We, Brazilian peasants, family farmers, indigenous peoples, traditional peoples and communities, community scientists, social and trade union movements and urban groups, aware of the themes to be discussed at COP14, hereby manifest our position. 

 

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On July 26, 2018, farmers in Xai-Xai, Mozambique, achieved a milestone. They met to formalize their new farmers’ association, elect leaders, and prepare a petition to the local government for land. The association, christened Tsakane, which means “happy” in the local Changana language, was the culmination of six years of resistance to a Chinese land grab that had sparked protest and outrage. The association now has a request pending for its own land. An encouraging story by Timothy A. Wise

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The story of Melaku Worede former director of the Ethiopian Biodiversity Insitute, who pioneered a genebank working with farmers: “We believe in conservation through use, in keeping diversity alive as farmers use it."

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GRAIN has just updated its dataset showing how so-called free trade agreements (FTAs) push for the privatisation of seeds and livestock beyond the rules agreed to at the World Trade Organisation. FTAs often do this by obliging countries to adopt or implement the UPOV convention, what some call "Monsanto laws". 

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Paraguay: Ceferina Guerrero, guardian of native and indigenous seeds

Biodiversidad en América Latina y El Caribe | 17 August 2018 | seeds & biodiversity | Paraguay

Words of Ceferina Guerrero, one of the founders of Conamuri, a native of Repatriación in the department of Coaguazú, Paraguay, speaking on a panel called "Our Seeds Make Us Free" during the “Heñói Jey Paraguay” fair, 3 and 4 August 2018 in Asunción, Paraguay.

 

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Five years ago today, more than 400 farmers, women, youth and consumers uprooted the secret Golden Rice field trials in Pili, Camarines Sur, decisively showing the rejection of the people against the genetically modified rice. The historic action has resulted to increased awareness and renewed debate globally and has driven the International Rice Research Institute (IRRI) to postpone the commercialization slated in 2016 supposedly due to the lower yields of the Golden Rice.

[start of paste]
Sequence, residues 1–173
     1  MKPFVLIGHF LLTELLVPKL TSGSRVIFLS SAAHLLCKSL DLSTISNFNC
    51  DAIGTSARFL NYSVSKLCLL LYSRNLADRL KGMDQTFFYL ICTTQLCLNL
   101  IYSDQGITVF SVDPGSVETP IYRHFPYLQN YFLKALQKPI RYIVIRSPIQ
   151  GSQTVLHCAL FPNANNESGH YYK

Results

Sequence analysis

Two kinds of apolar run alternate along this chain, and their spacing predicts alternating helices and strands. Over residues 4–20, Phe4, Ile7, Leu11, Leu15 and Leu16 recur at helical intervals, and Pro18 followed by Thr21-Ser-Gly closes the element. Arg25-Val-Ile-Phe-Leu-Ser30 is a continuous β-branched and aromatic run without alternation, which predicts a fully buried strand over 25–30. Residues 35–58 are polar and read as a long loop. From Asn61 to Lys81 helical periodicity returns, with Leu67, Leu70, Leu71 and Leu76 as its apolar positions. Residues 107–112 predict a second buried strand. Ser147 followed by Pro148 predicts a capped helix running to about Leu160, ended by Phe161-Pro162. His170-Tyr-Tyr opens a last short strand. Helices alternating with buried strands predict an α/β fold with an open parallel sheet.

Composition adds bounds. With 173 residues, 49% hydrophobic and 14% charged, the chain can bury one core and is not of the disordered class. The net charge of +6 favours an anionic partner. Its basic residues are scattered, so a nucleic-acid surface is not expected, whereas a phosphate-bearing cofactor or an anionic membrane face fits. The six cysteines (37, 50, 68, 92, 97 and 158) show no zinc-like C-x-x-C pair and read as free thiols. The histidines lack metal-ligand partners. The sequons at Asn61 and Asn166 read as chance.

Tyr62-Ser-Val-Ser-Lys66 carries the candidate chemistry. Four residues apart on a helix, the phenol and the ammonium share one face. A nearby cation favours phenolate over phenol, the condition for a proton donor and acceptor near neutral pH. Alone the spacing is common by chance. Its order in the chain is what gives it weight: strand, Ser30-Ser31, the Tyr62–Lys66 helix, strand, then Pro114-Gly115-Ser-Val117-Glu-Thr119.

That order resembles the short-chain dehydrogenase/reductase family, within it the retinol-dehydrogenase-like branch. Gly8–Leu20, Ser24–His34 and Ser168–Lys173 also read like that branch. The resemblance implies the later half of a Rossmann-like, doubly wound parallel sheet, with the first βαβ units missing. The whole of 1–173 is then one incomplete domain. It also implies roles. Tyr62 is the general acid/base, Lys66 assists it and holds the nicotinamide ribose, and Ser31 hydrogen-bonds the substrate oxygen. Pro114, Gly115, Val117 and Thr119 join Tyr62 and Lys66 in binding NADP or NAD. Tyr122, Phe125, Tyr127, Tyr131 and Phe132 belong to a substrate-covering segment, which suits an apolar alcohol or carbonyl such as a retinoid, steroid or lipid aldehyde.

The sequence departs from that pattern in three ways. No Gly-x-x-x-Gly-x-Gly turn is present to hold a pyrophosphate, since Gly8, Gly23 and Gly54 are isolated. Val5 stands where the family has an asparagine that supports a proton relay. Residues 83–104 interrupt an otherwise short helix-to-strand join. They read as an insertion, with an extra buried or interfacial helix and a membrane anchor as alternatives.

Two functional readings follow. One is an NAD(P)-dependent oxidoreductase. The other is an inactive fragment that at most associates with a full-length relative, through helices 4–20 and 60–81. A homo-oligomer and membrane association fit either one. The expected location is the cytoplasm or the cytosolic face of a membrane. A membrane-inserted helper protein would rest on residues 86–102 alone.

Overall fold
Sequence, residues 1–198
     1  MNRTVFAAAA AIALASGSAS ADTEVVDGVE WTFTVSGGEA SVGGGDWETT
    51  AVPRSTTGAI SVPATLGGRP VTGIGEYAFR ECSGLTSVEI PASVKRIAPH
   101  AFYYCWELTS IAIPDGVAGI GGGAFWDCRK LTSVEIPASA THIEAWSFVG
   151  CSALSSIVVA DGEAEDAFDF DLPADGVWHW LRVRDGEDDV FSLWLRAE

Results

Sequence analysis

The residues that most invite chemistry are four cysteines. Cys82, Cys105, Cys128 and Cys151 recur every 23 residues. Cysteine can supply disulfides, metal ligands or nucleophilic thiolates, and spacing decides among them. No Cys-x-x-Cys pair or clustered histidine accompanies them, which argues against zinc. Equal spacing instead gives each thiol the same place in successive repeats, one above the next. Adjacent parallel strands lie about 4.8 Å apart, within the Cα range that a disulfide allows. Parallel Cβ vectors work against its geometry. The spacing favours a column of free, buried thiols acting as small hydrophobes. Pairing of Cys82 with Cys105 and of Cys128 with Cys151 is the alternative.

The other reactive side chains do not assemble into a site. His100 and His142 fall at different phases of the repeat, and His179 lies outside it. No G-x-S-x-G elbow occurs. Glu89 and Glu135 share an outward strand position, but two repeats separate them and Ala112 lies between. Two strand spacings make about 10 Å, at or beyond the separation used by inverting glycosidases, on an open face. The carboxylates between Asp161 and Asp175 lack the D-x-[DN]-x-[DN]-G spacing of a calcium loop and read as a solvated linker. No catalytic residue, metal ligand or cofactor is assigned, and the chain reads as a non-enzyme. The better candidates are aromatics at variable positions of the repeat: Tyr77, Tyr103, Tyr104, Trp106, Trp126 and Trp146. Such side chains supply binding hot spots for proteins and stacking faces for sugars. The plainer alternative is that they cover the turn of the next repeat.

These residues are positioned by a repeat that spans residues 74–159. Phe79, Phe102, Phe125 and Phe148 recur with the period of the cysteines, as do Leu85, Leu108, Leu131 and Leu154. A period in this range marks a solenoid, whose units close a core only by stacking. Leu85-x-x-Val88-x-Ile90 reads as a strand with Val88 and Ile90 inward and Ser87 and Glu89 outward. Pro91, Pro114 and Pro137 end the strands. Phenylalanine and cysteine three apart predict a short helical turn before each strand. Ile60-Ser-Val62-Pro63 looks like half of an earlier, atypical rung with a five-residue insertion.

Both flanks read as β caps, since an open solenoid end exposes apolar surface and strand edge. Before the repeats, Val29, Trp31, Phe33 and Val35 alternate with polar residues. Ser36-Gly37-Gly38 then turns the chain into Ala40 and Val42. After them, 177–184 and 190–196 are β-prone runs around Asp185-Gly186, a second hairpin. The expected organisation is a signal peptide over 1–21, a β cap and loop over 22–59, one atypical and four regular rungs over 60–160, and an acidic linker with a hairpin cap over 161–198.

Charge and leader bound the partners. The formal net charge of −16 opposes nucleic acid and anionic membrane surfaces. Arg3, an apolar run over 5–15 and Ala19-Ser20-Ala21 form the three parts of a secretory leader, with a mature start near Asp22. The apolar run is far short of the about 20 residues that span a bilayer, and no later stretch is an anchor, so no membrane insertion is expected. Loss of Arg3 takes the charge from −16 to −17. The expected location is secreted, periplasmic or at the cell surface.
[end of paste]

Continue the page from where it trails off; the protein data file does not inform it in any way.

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The COASP and COPAGEN, their members and allies are outraged by the drive of our regional institutions to harmonize the regional seed legislation for the benefit of the seed industry in particular and the agrochemical sector in general.

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Bringing farming back to nature

Daniel Moss and Mark Bittman | 27 June 2018 | technologies, food sovereignty, seeds & biodiversity

Farming the land as if nature doesn’t matter has been the model for much of the Western world’s food production system for at least the past 75 years. The results haven’t been pretty: depleted soil, chemically fouled waters, true family farms all but eliminated, a worsening of public health and more. But an approach that combines innovation and tradition has emerged, one that could transform the way we grow food. It’s called agroecology, and it places ecological science at the center of agriculture. It’s a scrappy movement that’s taking off globally.

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Seeds of neo-colonialism – Why the GMO promoters get it so wrong about Africa

Alliance for Food Sovereignty in Africa (AFSA) | 07 May 2018 | seeds & biodiversity

The GMO lobby is showing signs of desperation. Once again they are on the offensive with a major public relations push targeting East Africa, particularly Uganda, in an attempt to subvert African policy development towards their own narrow ends. Their immediate goal is to weaken national biosafety laws, thereby removing any barriers to their access to African markets for their contentious high-risk products. Specifically, they want to remove the ‘strict liability’ clauses and thereby avoid any responsibility; avoid having to pay compensation for any damage that they do; avoid labelling so that African people are prohibited from knowing if their food is genetically modified; and avoid any punishment that African laws can impose.

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In March 2018, the Canadian Ministry of Health authorized the marketing of the controversial Golden Rice, which is genetically modified to produce beta-carotene that the human body will transform into vitamin A. The International Rice Research Institute (IRRI), the source of this application, declared that this Golden Rice was not meant for sale in Canada as of now. Is this a way of encouraging Asian countries to authorize it as well?

 

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